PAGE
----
Admire the view.  Understand that your original route may have had a beautiful view, but that you may not have seen it because you were so focused on following the directions.  When you’re lost, you have to truly look around.  Your senses are heightened through your natural survival mode being turned on.  So while you’re looking at every road sign, don’t just look – take time to see.  Maybe you won’t see breathtaking landscapes, but maybe you’ll see something else that acts as inspiration.  Maybe it’ll be in the form of a young child playing in their front yard who has the zest for life that you may have lost over the years.  Maybe it’ll be in seeing someone struggling, putting your life back into perspective and reminding you that you don’t really have it that bad.  Or maybe it’ll be in seeing the single white feather fall in front of your windshield, confirming that there are higher powers that will always make sure you get to your destination safely and at the right time.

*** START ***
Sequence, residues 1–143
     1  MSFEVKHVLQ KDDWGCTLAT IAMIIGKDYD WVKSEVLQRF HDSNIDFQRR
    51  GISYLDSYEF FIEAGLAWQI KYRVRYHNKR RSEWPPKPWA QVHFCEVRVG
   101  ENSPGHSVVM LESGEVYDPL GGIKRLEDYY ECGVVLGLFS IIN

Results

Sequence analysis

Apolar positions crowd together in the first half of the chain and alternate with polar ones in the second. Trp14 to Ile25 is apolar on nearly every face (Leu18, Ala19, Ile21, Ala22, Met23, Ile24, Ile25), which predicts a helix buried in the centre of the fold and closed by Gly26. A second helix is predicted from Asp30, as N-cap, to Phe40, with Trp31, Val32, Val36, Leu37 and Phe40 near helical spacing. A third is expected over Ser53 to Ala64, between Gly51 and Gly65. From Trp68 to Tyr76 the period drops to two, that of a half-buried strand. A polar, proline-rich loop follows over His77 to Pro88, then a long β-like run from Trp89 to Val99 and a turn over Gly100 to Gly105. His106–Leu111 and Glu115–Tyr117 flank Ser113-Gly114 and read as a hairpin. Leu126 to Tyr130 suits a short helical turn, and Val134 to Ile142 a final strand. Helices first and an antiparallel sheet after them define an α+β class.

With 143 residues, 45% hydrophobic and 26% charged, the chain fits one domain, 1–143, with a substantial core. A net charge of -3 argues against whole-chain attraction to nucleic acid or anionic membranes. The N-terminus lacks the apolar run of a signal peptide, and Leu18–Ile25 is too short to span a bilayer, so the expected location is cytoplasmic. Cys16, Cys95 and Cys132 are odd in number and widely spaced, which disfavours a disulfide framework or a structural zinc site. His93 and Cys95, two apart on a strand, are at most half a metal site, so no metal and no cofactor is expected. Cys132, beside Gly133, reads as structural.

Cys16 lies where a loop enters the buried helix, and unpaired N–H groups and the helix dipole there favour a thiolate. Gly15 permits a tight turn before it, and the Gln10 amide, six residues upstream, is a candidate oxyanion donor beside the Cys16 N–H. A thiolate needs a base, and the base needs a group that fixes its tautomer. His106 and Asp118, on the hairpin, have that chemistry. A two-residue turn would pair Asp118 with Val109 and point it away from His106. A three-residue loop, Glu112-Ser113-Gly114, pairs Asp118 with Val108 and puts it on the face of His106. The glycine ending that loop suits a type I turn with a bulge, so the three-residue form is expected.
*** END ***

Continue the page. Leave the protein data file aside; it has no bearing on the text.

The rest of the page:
Most importantly, always keep driving.  Eventually every side street leads to a main road, and every main road allows another outlet to your location.  But if you turn around every time you get lost, you’ll never know all the intersections that open your mind to new connections.  So just keep pressing on steadfastly.

Once we let go of the notion that we have to know exactly where we’re going and exactly which roads to take to get there; that’s when we’ll finally hear the words, “You’ve reached your destination.”